HealthSexual Health Mohalla Clinics: An Accessible Alternative For Healthcare?

Mohalla Clinics: An Accessible Alternative For Healthcare?

In order to provide affordable and quality healthcare to the residents of Delhi, the Aam Aadmi Party Delhi government has set up mohalla clinics for residents to avail of quality treatment.

Vishakha* renders beauty parlour services in people’s homes and all the while, she has been tackling a persistent problem of migraines. Availing of medicines has become an arduous task for her as she has to wait in a never-ending queue in government hospitals to get herself checked up and get a prescription. She tells me, “I am the sole breadwinner in my family. When am I supposed to work if I spend half my life waiting for a simple check-up?”

A recent trip to a mohalla clinic in the Trilokpuri area of East Delhi took me to a small residential area where the clinic was located in an inward lane. One of the houses in that lane of the residential area served as the clinic. Within that tiny, cramped establishment, there was a winding line of prospective patients waiting to consult the doctor. The line comprised a few men and many women, some of whom had come with their children. It is in this line at the mohalla clinic that I met Vishakha.

In order to provide affordable and quality healthcare to the residents of Delhi, the Aam Aadmi Party (AAP) Delhi government has set up neighbourhood clinics for residents to avail of quality treatment. The setup of mohalla clinics has been divided into clinics at portacabins and rented premises. The AAP government claims to provide 109 essential medicines and 212 diagnostic tests free of cost through this medium of healthcare. This scheme also entails the setting up of polyclinics in Delhi for specialised diagnosis and treatment. So far, the AAP government has set up approximately 160 mohalla clinics.

Translation: to avail of services in the mohalla clinic, kindly bring your Aadhar card or mobile number or voter ID card.

A sign by the board at the Trilokpuri mohalla clinic specifically states (in Hindi) that those without Aadhar cards/mobile numbers/valid government ids would not be able to avail consultation and treatment by the doctor. I turned to Seema, one of the people queuing outside the clinic and enquired about those who were not in a position to avail of any form of identification, including cell phones.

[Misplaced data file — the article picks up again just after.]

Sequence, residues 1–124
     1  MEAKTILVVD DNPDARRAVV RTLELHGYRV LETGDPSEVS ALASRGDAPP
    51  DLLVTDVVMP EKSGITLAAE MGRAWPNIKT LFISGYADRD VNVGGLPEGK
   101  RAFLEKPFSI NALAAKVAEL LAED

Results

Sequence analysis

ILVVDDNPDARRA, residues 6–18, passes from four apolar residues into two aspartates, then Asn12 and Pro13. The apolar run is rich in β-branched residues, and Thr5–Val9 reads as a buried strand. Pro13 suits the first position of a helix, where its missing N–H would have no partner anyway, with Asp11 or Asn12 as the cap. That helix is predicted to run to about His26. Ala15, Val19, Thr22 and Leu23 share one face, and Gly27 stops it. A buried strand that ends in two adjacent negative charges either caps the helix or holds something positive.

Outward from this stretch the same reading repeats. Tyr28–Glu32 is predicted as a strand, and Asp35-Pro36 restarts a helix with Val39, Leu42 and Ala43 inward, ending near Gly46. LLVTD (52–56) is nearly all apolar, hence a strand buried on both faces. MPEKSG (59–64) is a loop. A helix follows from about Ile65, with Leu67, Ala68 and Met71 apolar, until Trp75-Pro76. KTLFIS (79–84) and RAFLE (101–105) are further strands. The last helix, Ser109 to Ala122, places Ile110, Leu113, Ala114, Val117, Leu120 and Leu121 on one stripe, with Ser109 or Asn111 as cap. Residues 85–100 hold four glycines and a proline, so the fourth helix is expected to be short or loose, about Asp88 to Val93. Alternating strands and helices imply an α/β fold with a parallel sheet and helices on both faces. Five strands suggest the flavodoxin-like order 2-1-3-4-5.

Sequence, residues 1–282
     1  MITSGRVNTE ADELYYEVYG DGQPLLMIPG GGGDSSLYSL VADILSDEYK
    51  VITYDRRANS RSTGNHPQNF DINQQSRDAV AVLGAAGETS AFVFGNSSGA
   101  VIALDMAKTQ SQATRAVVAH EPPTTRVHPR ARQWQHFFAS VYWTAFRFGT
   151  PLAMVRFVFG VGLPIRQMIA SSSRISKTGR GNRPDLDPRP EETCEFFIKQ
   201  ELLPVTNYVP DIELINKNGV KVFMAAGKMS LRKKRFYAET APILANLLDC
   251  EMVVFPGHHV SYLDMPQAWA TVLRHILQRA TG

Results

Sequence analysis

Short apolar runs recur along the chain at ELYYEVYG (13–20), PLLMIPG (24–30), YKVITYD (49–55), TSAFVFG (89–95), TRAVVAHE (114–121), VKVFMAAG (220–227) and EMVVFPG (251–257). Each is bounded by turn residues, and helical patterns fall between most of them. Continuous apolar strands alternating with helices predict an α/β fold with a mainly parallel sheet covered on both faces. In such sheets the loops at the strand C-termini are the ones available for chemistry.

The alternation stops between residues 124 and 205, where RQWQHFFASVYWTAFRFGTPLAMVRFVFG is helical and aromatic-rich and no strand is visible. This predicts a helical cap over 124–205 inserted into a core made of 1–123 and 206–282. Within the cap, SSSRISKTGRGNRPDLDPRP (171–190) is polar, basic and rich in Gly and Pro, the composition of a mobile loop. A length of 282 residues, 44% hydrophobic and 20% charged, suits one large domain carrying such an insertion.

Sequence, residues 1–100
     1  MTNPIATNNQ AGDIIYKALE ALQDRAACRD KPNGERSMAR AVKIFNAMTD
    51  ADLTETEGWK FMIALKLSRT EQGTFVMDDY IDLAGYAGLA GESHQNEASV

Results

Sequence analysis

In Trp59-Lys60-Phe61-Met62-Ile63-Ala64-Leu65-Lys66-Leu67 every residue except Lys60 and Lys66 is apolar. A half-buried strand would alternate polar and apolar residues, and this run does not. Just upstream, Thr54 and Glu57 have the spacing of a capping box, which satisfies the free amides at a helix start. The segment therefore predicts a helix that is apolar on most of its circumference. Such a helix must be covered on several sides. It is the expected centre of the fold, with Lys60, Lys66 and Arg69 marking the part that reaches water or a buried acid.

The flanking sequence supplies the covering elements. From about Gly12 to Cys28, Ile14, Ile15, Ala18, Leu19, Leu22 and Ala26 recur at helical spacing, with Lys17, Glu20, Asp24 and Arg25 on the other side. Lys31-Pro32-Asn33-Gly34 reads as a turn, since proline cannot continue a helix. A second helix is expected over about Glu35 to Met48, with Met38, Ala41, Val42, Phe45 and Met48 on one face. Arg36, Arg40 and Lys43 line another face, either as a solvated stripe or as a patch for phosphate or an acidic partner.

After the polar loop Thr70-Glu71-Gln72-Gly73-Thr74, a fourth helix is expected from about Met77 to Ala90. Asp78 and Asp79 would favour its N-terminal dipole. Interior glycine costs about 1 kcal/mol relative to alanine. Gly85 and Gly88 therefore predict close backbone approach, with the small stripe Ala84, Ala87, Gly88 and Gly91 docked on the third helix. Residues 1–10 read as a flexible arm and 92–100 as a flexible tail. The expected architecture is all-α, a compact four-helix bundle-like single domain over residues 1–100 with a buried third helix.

The AAP government claims to provide 109 essential medicines and 212 diagnostic tests free of cost through this medium of healthcare.

She assured me that this was not an issue of consequence. Patients borrowed the cell phone numbers of their family members/neighbours/friends in order to avail of treatment. She said, “Don’t worry madam. The mohalla clinics are not here to make our lives difficult. No one has yet been turned away for not being able to produce ids”.

After interacting with some of the locals in the Trilokpuri area, turns out many women living in Trilokpuri have a similar story: they have children and a husband to look after and at the same time, they do not have the option of staying at home to take care of their families full time. This is a primarily a working-class area where wives and husbands both have to work in order to make ends meet.

The duty of domestic responsibility always falls upon the woman of the family, while her husband has the privilege of coming home and unwinding, content in the knowledge that his wife will take care of domestic duties, even though she has put in the same number of work hours as he has. As previously established, keeping in mind the crowding of government hospitals, it is very hard on women and their families, especially children, to spend hours waiting for a doctor’s consultation in a government hospital. With the establishment of various mohalla clinics in residential working-class areas such as Trilokpuri and Khichripur, an immense amount of travel time and the risk of overcrowding has been considerably reduced.

In between predictions about the incoming Delhi summer, Maryam said, “prior to the setting up of the clinics, our lives had been made extremely difficult due to the overcrowding and bad facilities in government hospitals. This is quick and easy treatment, and it is extremely affordable as opposed to the never-ending waiting in government hospitals. While waiting in government hospitals, half the time we did not know if we would even be able to meet the doctor and avail of treatment. I am a very fortunate person, for this clinic was established a 5-minute walk away from my own house”.